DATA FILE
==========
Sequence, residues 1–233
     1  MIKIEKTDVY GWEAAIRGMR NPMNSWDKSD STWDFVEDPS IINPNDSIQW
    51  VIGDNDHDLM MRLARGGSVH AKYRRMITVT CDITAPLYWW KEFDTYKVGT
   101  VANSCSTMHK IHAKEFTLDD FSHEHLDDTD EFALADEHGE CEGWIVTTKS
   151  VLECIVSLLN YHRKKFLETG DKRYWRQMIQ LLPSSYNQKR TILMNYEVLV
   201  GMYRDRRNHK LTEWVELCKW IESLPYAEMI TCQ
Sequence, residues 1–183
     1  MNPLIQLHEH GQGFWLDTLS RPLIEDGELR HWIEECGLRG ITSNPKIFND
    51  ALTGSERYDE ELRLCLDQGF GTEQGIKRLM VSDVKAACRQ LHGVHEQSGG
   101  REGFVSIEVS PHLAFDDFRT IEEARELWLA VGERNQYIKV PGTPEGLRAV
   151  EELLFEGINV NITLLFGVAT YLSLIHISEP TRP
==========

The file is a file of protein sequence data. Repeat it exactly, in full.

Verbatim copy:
Sequence, residues 1–233
     1  MIKIEKTDVY GWEAAIRGMR NPMNSWDKSD STWDFVEDPS IINPNDSIQW
    51  VIGDNDHDLM MRLARGGSVH AKYRRMITVT CDITAPLYWW KEFDTYKVGT
   101  VANSCSTMHK IHAKEFTLDD FSHEHLDDTD EFALADEHGE CEGWIVTTKS
   151  VLECIVSLLN YHRKKFLETG DKRYWRQMIQ LLPSSYNQKR TILMNYEVLV
   201  GMYRDRRNHK LTEWVELCKW IESLPYAEMI TCQ
Sequence, residues 1–183
     1  MNPLIQLHEH GQGFWLDTLS RPLIEDGELR HWIEECGLRG ITSNPKIFND
    51  ALTGSERYDE ELRLCLDQGF GTEQGIKRLM VSDVKAACRQ LHGVHEQSGG
   101  REGFVSIEVS PHLAFDDFRT IEEARELWLA VGERNQYIKV PGTPEGLRAV
   151  EELLFEGINV NITLLFGVAT YLSLIHISEP TRP